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A city official stepped down from his position early Tuesday morning following his arrest earlier this month on DWI charges in a borough of New Jersey. His resignation was made official in the form of a letter to the mayor.

The former official faces not only the charges of driving while intoxicated, but a police report obtained by a New York Criminal Lawyer allege that the 67-year-old man also asked officers at the scene of his DWI to reduce his charges. He reportedly asked officers on the scene to speak with their superiors when they failed to recognize who he was.

Copies of the letter, were sent to the other council members, along with the township’s clerk, manager, and attorney. In the letter, the man said he enjoyed not only his service with the council, but also “working to provide the highest level of public service to the residents of the community.”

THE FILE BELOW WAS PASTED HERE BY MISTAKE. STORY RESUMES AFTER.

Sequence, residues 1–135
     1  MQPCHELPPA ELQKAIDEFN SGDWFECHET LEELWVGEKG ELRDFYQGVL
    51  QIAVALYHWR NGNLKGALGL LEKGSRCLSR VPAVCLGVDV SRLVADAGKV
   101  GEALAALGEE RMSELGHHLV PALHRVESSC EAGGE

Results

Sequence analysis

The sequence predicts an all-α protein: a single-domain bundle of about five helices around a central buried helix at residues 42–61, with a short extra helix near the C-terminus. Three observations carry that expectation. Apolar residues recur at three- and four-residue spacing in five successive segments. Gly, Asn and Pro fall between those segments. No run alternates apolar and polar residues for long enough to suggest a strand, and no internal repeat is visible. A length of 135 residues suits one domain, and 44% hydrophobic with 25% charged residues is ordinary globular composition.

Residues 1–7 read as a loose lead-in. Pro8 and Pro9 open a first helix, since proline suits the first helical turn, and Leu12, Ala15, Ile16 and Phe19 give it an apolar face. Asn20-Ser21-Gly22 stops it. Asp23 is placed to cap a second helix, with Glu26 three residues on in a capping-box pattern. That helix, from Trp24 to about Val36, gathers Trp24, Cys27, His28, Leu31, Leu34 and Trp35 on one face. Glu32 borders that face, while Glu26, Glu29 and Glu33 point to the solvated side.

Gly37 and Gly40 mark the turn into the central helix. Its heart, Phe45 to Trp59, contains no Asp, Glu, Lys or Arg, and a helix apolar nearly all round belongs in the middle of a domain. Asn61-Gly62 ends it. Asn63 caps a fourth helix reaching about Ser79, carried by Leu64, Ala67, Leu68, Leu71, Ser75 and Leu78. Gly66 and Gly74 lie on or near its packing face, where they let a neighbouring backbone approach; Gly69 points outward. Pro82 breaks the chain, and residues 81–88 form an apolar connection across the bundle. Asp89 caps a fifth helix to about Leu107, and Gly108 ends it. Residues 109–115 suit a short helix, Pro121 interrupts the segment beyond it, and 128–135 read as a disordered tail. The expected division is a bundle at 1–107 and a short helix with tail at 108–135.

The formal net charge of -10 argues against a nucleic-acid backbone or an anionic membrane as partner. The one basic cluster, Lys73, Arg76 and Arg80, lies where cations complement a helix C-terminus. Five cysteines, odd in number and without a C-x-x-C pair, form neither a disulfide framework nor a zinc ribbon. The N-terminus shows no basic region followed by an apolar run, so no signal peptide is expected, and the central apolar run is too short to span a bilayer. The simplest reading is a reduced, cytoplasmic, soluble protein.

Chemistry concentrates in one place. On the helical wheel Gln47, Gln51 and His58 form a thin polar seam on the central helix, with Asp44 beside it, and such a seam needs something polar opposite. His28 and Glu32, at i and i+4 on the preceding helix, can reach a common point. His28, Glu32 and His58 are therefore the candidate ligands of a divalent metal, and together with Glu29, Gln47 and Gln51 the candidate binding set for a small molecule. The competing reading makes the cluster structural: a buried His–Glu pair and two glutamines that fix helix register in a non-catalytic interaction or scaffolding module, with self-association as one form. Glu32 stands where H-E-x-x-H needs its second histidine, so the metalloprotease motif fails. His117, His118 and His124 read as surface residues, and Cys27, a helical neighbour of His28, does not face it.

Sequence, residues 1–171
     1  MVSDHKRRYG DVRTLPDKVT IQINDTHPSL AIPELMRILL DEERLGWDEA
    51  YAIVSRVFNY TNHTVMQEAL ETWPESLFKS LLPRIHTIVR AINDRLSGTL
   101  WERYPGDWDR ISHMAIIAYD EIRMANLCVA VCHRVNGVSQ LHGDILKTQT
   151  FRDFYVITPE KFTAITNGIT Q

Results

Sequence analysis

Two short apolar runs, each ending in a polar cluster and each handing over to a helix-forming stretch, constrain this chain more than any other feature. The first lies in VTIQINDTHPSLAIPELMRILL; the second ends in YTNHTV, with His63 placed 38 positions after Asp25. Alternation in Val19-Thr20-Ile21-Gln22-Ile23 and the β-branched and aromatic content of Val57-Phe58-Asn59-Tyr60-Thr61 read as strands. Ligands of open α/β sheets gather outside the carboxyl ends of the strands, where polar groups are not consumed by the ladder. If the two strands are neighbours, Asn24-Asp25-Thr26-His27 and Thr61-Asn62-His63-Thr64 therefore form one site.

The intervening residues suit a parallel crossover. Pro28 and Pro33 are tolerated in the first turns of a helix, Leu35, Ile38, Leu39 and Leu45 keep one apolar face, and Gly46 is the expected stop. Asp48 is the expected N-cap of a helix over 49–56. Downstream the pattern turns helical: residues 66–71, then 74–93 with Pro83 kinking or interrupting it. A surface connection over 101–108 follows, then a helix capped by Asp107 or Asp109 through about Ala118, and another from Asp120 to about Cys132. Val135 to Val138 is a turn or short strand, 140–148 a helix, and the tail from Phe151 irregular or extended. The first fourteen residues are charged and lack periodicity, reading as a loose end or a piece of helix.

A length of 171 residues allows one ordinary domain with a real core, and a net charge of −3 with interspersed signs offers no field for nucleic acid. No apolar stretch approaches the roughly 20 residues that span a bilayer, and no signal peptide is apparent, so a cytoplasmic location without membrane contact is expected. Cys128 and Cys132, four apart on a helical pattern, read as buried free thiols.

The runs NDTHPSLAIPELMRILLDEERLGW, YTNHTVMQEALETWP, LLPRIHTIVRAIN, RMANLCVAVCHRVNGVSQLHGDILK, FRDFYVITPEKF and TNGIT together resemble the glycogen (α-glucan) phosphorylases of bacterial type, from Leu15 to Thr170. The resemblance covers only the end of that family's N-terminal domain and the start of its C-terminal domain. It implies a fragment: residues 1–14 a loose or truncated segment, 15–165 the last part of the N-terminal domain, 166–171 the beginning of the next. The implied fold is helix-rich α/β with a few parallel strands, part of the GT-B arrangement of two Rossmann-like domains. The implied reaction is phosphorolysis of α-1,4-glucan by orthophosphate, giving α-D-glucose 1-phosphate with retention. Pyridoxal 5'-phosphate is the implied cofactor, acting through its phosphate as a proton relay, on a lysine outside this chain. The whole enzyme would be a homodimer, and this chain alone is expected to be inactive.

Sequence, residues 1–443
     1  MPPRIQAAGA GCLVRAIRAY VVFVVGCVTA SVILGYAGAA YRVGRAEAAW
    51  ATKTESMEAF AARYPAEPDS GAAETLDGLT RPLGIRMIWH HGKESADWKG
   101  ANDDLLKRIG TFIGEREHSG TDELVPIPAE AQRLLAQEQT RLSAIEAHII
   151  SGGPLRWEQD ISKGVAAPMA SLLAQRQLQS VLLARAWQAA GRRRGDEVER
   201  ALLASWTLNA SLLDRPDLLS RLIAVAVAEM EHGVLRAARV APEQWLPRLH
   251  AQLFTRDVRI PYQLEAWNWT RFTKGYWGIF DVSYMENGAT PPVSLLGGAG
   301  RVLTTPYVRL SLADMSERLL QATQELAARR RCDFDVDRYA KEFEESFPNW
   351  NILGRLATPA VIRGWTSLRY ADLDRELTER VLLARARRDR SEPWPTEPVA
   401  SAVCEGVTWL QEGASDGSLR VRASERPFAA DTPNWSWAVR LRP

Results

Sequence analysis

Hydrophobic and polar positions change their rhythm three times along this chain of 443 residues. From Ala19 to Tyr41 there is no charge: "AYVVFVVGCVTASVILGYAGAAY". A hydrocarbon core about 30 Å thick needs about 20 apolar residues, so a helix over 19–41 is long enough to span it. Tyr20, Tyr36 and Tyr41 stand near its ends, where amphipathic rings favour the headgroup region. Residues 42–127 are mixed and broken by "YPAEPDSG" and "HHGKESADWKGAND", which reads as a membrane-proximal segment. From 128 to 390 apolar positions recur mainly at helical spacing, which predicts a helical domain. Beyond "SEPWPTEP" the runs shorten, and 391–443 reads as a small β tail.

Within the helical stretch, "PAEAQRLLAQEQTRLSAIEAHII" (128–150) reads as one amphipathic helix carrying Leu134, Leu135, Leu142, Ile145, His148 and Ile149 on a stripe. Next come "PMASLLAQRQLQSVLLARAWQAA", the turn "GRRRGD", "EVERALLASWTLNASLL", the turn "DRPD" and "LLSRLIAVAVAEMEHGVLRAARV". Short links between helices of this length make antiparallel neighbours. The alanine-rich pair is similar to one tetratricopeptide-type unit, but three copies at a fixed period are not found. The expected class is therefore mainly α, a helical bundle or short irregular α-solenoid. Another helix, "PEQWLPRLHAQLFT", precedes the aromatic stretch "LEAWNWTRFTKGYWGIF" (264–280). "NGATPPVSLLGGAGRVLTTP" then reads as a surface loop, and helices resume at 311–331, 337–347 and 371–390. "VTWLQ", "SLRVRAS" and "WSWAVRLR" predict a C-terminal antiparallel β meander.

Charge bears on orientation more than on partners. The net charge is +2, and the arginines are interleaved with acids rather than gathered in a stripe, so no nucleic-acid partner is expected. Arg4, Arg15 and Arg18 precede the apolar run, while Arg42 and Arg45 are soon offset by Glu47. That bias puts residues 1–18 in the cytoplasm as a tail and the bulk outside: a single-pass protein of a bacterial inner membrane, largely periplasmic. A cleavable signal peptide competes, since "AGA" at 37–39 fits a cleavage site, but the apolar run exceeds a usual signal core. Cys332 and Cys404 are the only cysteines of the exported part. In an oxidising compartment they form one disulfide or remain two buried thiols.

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A 27-year-old man rammed his vehicle into the back of another on an interstate in Riverside, California, then went on to drive the wrong way down the freeway, eventually getting into a head-on collision with another vehicle, California Highway Patrol officials said. The driver is suspected of a possible DWI.

The driver suffered a number of major injuries. He was trapped in the wreckage of his vehicle until emergency crews could finally extract him and take him to a hospital. An officer told a New York Criminal Lawyer that investigators would seek drunken driving charges from the driver.

It all began at 1:59 a.m. on the morning of April 2011, when the suspect was driving his vehicle at around 100 mph going south, authorities revealed. His first crash was into the back of a vehicle being driven by a 63-year-old man.

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A Baiting Hollow bus accident resulted in one death and eight injuries. A collision on Sound Avenue between a tractor-trailer and a school bus for special-needs children was the cause of the tragedy.